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To quote one news article last month : “There is no crop in the world more political than sugar.” June saw the EU announcement from the EU and the CAFTA talks getting closer to finality in the USA : articles leading up to, about and subsequently commenting on these issues almost eliminated any other news.
EU SUGAR REGIME REFORM
As regular readers will know from the ‘Stop Press’ article last month, the long awaited EU announcement on the reform of the sugar regime was published on June 22. The full announcement is available on line.
In summary and to repeat the contents of the stop press article, the reforms are :
The new price, at 39% less than the current price, will be € ~385. Predictably, there were only a few welcomes for the reforms. Those against them ranged from the internal – some EU countries are predicted to abandon sugar production all together, to the external against them because they will reduce ‘aid through trade’ to them, in particularly the ACP and LD countries and on to the external against them because they don’t go far enough.
You can also read the speech of the Agricultural Commissioner, Mariann Fischer Boel, on the internet.
IMPACT OF REFORM
As reported here last month, the EU has long been suffering leaks with respect to its planning for reform of the sugar regime. A week before the official announcement, an internal document examining the impact at various price levels appeared in the press.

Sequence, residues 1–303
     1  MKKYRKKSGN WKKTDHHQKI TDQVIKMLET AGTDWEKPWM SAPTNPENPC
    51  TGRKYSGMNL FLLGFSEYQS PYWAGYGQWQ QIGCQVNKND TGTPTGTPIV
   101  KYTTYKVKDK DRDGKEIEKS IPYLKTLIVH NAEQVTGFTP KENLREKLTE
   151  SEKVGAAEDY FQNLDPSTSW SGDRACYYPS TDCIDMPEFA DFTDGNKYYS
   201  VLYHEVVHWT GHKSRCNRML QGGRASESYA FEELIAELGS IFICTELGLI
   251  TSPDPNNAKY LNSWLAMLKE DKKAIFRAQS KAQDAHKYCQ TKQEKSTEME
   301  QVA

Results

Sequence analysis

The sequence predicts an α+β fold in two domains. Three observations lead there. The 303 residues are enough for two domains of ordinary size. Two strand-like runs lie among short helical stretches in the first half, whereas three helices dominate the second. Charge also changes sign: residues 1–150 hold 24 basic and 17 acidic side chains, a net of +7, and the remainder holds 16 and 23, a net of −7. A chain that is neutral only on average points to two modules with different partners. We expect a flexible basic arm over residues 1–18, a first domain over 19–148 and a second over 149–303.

In the document, four countries were identified as most susceptible to price cuts : Greece, Ireland, Italy and Portugal. However that susceptibility was discussed at prices around € 500 so if the price really does drop below € 400 [always remember that these are just proposals : they will be strongly fought against] presumably production will cease in all four. That represents 9% of current production.
The document also identified a second group of countries – Denmark, Finland, Hungary, Spain and the Czech Republic – where “production was likely to be maintained but at a significantly lower level”. That represents another 17% of current production.
In the final analysis, the document predicted that EU sugar production would stand at 12.4 million tons, some 5mn lower than now, by 2012/13. However, with the proposed ‘get-out’ incentives declining with time, it may be that production will fall much sooner than predicted.
The Bush administration’s Central American Free Trade Agreement made several steps forward – and some back – during June. First of all the Senate Finance committee gave it the nod, albeit by a small margin and through an informal vote. [There seems to be a two stage voting system in the USA with a show of hands to see where things are and then a formal vote later if it is clear that a motion will pass (or fail?).]
That was shortly followed by a similar approval by the House of Representatives’ ‘Ways and Means’ committee but everything assumed some undefined appeasement for the sugar lobby. [The sugar lobby was reported as suggesting that NAFTA should be renegotiated!] By mid-month it looked as if the appeasement might be a sugar to ethanol programme so that all new imports were diverted to power ethanol but this was quickly rejected by the Florida industry which continued to assert that CAFTA was “fundamentally flawed”.